"Now the earth was corrupt in God’s sight and was full of violence. God saw how corrupt the earth had become, for all the people on earth had corrupted their ways."

The whole world is rank. According to the United States Department of Justice and the Bureau of Justice Statistics, "U.S. residents age 12 or older experienced approximately 24 million crimes in 2003." Within that statistic the National Crime Victimization Survey reports the following for 2003:

¨ 77%, or 18.6 million, were property crimes
¨ 22%, or 5.4 million, were crimes of violence
¨ 1% were personal thefts
¨ For every 1,000 persons age 12 or older, there occurred one rape or sexual assault and one assault with injury, all classified as "Violent Crimes."

Violent Crimes is a collective aggregate specified by law enforcement to include Homicide, Rape and Sexual Assault, Robbery, and Aggravated Assault. Another statistical category is "Property Crime," which includes Burglary, Larceny, Theft, and Arson. The classifications are endless.

Some types of crime are so variegated that they require separate groupings, sub-species within a genus. Larceny, for example, is sub-divided into "From Motor Vehicle, Pocket-picking, From Coin Machine, Purse Snatching, Bicycles, From Building, Shoplifting, Vehicle Parts/Accessories, and Other."

Corrupt, indeed.

The Washington State Uniform Crime Report for 2003 reports that:

* There were four Washington law enforcement officers killed, two feloniously and two accidentally, in 2003. A total of 1,140 law enforcement officers were assaulted during the year.
* There were 26,498 reported drug abuse arrests. Of this number, 11.8% were persons under 18 years of age.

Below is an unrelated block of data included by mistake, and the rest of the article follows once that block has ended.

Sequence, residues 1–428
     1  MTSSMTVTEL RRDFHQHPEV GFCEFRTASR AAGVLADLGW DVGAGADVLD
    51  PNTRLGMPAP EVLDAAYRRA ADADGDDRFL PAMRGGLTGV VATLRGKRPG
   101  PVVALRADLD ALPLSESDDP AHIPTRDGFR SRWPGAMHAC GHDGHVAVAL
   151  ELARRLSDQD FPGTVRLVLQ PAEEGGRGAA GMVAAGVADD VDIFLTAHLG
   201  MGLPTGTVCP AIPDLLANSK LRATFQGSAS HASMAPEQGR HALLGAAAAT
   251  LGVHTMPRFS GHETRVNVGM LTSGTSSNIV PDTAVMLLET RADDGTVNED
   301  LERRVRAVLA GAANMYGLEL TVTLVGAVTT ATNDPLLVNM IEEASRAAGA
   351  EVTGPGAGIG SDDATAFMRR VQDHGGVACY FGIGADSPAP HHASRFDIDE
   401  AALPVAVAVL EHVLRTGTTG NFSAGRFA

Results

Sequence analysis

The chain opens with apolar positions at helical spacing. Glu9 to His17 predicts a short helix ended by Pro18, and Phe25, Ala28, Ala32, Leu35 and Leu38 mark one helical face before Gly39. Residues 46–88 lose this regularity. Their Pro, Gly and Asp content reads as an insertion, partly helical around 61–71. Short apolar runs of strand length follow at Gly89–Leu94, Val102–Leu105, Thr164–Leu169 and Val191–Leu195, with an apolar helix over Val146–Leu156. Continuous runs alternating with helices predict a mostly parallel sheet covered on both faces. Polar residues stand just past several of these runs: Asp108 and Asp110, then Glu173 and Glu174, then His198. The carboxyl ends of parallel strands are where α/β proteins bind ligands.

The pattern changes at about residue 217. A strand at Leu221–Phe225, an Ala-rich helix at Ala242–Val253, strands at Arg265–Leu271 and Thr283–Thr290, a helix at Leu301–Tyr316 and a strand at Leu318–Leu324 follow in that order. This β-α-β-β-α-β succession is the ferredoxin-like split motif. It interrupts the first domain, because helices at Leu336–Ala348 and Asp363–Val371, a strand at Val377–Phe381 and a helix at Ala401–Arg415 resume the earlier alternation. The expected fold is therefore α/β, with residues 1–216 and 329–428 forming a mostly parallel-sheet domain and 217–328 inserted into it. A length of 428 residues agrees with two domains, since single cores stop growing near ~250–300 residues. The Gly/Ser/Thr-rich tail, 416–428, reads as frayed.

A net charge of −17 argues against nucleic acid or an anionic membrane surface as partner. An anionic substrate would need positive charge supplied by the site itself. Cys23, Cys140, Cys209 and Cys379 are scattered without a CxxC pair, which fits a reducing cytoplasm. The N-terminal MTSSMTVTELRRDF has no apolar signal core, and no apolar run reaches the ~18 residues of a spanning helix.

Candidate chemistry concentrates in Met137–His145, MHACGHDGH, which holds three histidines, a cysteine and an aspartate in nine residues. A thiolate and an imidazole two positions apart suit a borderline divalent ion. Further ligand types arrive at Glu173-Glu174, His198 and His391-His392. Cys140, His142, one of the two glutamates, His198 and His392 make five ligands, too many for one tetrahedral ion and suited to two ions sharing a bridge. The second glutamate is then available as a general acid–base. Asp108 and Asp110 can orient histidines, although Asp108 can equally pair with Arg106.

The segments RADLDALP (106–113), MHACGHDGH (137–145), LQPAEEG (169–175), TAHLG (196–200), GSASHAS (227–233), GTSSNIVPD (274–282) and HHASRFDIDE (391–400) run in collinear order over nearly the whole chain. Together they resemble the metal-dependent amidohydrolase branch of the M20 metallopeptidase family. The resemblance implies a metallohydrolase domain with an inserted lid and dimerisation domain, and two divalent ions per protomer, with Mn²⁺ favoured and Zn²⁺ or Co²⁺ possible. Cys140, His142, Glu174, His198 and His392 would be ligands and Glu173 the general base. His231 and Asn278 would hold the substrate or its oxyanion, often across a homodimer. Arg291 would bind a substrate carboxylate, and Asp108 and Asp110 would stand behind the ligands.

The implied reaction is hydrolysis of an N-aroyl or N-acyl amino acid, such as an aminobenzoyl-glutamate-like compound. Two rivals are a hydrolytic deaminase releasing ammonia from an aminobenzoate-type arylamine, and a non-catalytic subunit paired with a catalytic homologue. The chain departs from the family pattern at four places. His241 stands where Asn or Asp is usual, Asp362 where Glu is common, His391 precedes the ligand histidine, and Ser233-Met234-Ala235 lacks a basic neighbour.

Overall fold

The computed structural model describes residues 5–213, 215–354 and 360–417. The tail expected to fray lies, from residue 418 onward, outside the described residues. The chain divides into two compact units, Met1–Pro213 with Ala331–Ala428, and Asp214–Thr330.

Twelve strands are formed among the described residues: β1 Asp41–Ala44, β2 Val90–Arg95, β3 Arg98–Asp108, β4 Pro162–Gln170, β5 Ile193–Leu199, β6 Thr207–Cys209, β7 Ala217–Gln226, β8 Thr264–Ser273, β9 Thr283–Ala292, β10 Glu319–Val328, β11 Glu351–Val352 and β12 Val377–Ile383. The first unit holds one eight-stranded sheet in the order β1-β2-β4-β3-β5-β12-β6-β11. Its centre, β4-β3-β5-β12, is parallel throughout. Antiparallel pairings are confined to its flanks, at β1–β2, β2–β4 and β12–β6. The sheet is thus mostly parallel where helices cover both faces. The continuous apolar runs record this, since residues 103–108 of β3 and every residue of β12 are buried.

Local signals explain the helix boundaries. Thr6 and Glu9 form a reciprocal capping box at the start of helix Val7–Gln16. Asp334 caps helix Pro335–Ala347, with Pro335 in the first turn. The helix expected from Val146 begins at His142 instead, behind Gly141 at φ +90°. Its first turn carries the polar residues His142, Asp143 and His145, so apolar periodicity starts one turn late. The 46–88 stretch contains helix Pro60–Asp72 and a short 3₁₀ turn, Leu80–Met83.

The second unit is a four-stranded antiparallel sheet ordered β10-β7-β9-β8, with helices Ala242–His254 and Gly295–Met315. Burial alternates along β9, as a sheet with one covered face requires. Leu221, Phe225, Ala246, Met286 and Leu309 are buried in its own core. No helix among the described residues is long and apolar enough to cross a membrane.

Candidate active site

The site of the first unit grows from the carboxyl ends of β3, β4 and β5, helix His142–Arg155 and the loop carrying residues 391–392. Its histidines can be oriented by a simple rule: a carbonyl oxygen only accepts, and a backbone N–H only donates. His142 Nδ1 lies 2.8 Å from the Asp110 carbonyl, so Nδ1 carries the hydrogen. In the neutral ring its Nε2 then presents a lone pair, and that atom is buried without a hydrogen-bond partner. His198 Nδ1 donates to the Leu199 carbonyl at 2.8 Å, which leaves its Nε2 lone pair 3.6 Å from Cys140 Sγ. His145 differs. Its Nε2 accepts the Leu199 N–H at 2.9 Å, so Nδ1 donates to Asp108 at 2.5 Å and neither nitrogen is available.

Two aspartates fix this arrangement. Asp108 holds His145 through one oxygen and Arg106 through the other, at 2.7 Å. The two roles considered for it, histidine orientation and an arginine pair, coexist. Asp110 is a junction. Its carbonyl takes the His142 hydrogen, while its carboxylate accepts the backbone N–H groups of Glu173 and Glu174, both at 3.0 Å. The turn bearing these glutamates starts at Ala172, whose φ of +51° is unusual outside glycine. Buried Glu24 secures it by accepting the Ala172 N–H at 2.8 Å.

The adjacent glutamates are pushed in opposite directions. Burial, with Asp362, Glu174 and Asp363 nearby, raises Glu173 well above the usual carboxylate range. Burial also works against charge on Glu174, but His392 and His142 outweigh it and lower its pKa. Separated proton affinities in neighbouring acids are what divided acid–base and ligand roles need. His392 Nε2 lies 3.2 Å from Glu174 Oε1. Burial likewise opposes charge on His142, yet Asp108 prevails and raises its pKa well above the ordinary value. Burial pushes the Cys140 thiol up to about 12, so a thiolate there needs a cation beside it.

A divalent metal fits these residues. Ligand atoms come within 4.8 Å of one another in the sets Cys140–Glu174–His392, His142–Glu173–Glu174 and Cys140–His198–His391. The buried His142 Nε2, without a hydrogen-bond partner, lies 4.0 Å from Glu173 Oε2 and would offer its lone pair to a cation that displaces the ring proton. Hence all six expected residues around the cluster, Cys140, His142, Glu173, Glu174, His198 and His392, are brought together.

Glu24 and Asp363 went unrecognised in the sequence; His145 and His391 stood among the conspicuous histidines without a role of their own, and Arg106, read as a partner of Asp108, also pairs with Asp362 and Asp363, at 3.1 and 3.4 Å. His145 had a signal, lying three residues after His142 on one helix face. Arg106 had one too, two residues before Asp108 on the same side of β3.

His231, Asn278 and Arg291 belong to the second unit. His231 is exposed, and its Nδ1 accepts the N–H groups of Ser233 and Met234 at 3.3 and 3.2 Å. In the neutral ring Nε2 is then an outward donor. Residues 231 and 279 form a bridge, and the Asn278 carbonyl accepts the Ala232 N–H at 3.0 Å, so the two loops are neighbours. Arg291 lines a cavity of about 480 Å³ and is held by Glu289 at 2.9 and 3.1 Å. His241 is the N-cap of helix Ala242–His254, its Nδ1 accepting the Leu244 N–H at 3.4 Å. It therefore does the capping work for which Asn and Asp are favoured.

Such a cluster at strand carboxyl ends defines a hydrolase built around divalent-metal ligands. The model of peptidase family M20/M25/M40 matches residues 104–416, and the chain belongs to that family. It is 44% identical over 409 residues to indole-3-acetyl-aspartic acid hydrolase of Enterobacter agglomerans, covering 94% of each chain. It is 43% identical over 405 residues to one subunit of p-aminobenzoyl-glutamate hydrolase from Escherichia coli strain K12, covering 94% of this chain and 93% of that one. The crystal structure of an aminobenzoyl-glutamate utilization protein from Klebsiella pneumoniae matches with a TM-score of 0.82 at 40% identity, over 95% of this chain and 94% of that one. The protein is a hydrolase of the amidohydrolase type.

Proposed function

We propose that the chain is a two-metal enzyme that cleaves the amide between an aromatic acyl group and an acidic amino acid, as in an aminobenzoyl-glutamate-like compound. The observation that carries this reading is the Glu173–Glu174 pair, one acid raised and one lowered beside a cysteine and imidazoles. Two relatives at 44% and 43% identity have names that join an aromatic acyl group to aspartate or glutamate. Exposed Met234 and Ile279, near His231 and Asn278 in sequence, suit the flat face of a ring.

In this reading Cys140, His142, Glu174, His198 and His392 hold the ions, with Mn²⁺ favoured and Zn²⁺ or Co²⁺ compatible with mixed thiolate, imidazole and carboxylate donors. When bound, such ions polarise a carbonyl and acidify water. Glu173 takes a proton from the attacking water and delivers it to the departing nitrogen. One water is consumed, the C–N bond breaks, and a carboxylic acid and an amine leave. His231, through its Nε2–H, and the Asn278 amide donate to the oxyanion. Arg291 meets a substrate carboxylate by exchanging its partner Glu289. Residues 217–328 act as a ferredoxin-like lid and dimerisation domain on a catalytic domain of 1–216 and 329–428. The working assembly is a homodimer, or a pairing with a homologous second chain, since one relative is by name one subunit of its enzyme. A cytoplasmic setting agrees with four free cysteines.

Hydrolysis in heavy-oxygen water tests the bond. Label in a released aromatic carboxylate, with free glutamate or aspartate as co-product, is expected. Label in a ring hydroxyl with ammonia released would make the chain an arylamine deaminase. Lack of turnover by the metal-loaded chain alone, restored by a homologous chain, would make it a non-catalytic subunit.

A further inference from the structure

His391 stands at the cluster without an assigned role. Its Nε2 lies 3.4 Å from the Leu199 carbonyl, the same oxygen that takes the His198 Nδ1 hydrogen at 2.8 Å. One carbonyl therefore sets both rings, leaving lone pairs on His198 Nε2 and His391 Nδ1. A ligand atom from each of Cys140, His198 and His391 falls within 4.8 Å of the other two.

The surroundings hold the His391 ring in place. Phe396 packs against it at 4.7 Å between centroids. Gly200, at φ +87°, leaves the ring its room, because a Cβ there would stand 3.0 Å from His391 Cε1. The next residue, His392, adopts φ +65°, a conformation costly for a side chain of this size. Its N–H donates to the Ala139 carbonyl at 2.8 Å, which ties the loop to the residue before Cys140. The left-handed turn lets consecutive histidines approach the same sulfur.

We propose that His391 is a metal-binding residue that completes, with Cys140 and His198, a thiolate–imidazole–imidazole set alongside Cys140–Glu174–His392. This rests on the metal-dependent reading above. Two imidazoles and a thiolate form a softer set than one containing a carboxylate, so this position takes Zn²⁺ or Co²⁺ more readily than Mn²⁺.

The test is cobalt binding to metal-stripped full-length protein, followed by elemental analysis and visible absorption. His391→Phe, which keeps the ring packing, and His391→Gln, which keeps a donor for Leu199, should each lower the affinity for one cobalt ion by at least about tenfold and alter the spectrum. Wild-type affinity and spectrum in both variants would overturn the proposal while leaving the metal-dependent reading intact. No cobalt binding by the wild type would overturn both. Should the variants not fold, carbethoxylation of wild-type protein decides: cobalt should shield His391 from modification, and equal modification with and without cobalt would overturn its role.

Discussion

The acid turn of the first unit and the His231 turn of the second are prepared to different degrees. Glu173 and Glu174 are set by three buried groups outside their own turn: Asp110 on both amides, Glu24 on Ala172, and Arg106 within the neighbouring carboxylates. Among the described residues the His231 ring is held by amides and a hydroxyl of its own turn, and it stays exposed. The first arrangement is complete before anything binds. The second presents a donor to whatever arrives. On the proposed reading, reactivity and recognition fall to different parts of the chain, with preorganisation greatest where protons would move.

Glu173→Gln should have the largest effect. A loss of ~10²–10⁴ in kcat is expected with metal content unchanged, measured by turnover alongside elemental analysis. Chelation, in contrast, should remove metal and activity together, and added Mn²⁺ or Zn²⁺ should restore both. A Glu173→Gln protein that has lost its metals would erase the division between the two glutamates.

* Property valued at $330,544,877 was reported stolen.
* A total of 38,977 arrests were made for DUI in the state, which constituted 15.4% of the total arrests reported in 2003. This percentage represents the arrests of 38,352 adults and 625 juveniles.
* There were 51,589 domestic violence offenses including simple assault and violation of protection/no contact orders.

The list of offenses doesn’t include other crimes, such as embezzling, fraud, perjury, or obstruction of justice. The statistics blur into mind-numbing numbers. Even so, they can’t begin to catalog the fetid list of less obvious iniquities: Greed, Covetousness, Neglect, Gossip, Lying, Arrogance, Indifference, Ingratitude.
The whole world is rank. Quivering, humanity exhales in sharp, roric gasps.

Coarse, congealed cumulonimbuses roll up in saturnine folds, wringing out water as from a sopping towel. Rain ricochets off the Olympic Mountains, sluices down the Wynoochee, Satsop, Wishkah and Hoquiam Rivers, their angry waters swollen and carnivorous. The whole world is wet.
So, what happens to the outside world in a raging downpour? I flee inside to warmth and shelter. But what about the rest of western Washington? Where do crane flies fly? Maybe they scoot south for the winter. Perhaps they hibernate, sleeping until summer. Do the deer turn tail and flee, dashing to denser glens, grass-thatched and snug against the spattering flood? What about the newly hatched Ruffed Grouse, the soon-to-be Swallowtail Butterfly cocoons? Glacier and avalanche lilies are safe in their refrigerated slumber, but where do gliding Sharp-Shinned Hawks, experts at capturing small birds, go to wait out the weather? Woodland nymph, satyr, Pan and Faun, do they hoist white flag in surrender to the Nereids?

All of Grays Harbor County, nay, the State of Washington seems to slide away like sand through an hour glass. Rain pours over flattened trees, rips apart beaver dams, swallows boulders. Drowned logs bob like corks in the river. Windshield wipers can’t keep up. Sputtering madly, they toss sheets of rain off glass in futile gesticulations. Flotsam and jetsam rush down the Wynoochee River, racing toward the Pacific.

Everything on dry land that had the breath of life in its nostrils died. Every living thing on the face of the earth was wiped out; men and animals and the creatures that move along the ground and the birds of the air were wiped from the earth.